Same scares, new home for Twiztid
Detroit rap duo Twiztid has a new label but the same vision
Rap duo Twiztid spent years celebrating Halloween as part of their mentors Insane Clown Posse’s annual Hallowicked concert.
Since splitting off from the Clowns’ Psychopathic Records, Twiztid has been working to establish a Halloween tradition of its own — one that complements, rather than disrupts, ICP’s annual ritual. The group plays Detroit’s Majestic Theatre Thursday night.
“We’ll do the 30th, they’ll do the 31st, and everyone gets to come in for a weekend,” says Paul Methric, who goes by Monoxide, on the phone from a tour stop in Arizona earlier this month. “We’re not trying to step on toes or any of that. We see there’s a lane open, and we’re gonna take it.”
Twiztid — Methric and his partner James Spaniolo, better known as Jamie Madrox — has been forging its own lane since severing its ties with ICP and Psychopathic in 2012. After spending 15 years under the tutelage of the wicked clowns, Twiztid recently launched its own company, Majik Ninja Entertainment, which is housed in a large building in Livonia.
Majik Ninja encompasses a record label, recording and video studios, a management company and a merchandising warehouse — much like that of Twiztid’s former home, Psychopathic.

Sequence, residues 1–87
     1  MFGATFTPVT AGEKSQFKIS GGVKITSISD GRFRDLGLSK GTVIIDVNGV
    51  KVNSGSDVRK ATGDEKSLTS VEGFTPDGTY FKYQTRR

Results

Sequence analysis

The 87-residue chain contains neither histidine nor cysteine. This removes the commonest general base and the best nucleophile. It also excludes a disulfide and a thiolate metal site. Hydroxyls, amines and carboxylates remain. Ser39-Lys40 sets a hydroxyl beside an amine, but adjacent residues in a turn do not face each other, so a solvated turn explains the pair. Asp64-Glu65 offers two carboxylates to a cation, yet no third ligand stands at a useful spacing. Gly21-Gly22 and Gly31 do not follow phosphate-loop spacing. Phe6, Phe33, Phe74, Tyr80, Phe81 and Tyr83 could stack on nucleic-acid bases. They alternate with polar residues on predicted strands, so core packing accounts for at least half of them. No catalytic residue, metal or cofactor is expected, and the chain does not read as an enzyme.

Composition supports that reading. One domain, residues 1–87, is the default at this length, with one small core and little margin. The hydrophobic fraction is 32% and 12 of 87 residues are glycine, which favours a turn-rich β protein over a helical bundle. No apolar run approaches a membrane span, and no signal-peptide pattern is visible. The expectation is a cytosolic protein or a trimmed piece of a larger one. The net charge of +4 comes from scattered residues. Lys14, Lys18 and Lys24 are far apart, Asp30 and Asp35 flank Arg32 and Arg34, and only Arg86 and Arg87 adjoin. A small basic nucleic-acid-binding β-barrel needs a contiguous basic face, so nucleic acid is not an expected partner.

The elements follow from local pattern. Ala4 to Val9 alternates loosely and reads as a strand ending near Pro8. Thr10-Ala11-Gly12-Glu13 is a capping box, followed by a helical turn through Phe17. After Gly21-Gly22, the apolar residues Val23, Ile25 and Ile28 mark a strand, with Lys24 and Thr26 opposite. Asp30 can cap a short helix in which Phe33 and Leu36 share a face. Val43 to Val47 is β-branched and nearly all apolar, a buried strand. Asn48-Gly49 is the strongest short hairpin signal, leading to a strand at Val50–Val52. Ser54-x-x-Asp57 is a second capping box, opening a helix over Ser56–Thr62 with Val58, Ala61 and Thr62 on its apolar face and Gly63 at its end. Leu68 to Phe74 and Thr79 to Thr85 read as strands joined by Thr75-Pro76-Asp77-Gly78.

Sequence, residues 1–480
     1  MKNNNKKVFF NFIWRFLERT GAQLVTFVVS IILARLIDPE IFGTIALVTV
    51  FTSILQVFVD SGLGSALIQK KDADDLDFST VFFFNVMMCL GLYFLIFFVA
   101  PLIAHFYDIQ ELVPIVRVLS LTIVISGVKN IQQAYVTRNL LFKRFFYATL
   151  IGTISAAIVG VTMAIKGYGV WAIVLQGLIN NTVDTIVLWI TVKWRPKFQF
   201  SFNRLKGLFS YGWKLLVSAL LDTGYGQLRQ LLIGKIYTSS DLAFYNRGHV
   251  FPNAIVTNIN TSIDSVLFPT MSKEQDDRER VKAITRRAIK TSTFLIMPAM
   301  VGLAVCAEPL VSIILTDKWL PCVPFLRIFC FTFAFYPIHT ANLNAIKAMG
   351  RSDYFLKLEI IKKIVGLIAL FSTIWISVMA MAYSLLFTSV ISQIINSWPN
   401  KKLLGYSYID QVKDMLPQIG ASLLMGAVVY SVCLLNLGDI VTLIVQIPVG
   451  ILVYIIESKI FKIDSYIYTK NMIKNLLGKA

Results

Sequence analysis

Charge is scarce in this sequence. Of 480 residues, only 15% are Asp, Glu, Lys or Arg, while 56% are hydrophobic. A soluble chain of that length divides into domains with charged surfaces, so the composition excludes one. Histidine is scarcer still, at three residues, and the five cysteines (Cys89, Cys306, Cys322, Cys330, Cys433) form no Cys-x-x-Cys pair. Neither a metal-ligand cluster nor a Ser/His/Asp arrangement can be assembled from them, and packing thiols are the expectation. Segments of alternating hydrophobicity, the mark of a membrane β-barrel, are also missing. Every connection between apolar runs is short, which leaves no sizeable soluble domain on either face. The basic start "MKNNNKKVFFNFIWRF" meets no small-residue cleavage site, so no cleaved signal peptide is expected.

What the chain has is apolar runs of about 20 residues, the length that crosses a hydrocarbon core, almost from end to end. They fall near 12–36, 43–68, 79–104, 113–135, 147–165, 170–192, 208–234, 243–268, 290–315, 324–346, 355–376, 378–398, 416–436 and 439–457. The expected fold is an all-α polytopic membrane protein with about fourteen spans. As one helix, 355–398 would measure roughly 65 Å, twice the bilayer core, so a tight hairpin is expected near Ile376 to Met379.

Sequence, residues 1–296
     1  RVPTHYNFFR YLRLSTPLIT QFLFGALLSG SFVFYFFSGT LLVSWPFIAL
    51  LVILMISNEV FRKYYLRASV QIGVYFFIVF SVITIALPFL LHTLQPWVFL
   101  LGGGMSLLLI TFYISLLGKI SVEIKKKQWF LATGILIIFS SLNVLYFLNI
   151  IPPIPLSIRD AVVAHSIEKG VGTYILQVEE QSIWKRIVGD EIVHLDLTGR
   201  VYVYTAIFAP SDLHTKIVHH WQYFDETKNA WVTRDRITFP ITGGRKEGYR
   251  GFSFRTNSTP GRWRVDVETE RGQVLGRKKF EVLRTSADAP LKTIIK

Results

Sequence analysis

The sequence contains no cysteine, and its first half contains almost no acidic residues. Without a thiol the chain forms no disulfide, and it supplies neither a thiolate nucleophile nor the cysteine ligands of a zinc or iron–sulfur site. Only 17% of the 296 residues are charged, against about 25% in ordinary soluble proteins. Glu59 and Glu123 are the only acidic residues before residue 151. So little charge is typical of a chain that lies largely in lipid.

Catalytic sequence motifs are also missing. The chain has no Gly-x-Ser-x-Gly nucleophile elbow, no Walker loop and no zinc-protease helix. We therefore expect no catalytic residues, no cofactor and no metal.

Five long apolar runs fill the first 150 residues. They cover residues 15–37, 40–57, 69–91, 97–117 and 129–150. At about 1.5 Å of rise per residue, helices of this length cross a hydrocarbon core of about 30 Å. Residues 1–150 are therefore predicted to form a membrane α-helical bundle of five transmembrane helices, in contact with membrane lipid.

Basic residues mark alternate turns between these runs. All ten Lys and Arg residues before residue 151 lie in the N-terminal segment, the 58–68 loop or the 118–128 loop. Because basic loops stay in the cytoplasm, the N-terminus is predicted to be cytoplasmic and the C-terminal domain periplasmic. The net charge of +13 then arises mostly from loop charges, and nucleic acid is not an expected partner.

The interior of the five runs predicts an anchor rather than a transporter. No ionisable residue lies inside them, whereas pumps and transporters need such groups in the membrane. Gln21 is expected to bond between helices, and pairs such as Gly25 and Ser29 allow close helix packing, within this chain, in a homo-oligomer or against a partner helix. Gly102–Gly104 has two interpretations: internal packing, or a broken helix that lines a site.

“We’re comprising a Tyler Perry-like compound that will represent every facet of the industry,” Monoxide says of Majik Ninja, which employs a staff of 12. The label’s roster of artists will be unveiled in early 2015, but its first release hit stores last week: an extended version of “Gang Rags,” from the label’s first signee Blaze Ya Dead Homie, who also hopped from Psychopathic to the new label.
In January, Twiztid will release “The Darkness,” the duo’s first album on the new label, which is a precursor to “The Moment You’ve All Been Waiting For,” another Twiztid set due to drop later in 2015.
“It’s dark, it’s moody, it’s spooky; we turned the lights down and we’d get it going on,” says Madrox of “The Darkness,” some copies of which will come packaged with a blindfold. “Some of the songs we got are terrifying. You listen to them and they make the hairs on the back of your neck stand up.”
Twiztid hopes to put out new releases on Majik Ninja “every six to eight weeks,” Monoxide says, all keeping with the group’s core commitment to its values.
“People that have paid attention to Twiztid over the years knows that our integrity is everything to us,” says Monoxide, 41. “Are we just going to start slapping paint on anybody who wants to be our friend and throw them out and call them the greatest thing and swindle everyone into buying it? No, that’s not what we’re doing. Our name is everything, so Paul Methric and Jamie Spaniolo, our name is on everything we release, so we will make sure it is absolutely the best possible product we can put out.”
Adds Madrox, who turns 39 next week, “We always push the envelope with trying to be innovative and creative, because we care. We want people to have the best experience they can have.”
Twiztid’s Fright Fest 2014
6 p.m. Thursday
4120 Woodward, Detroit
ticketweb.com or (313) 833-9700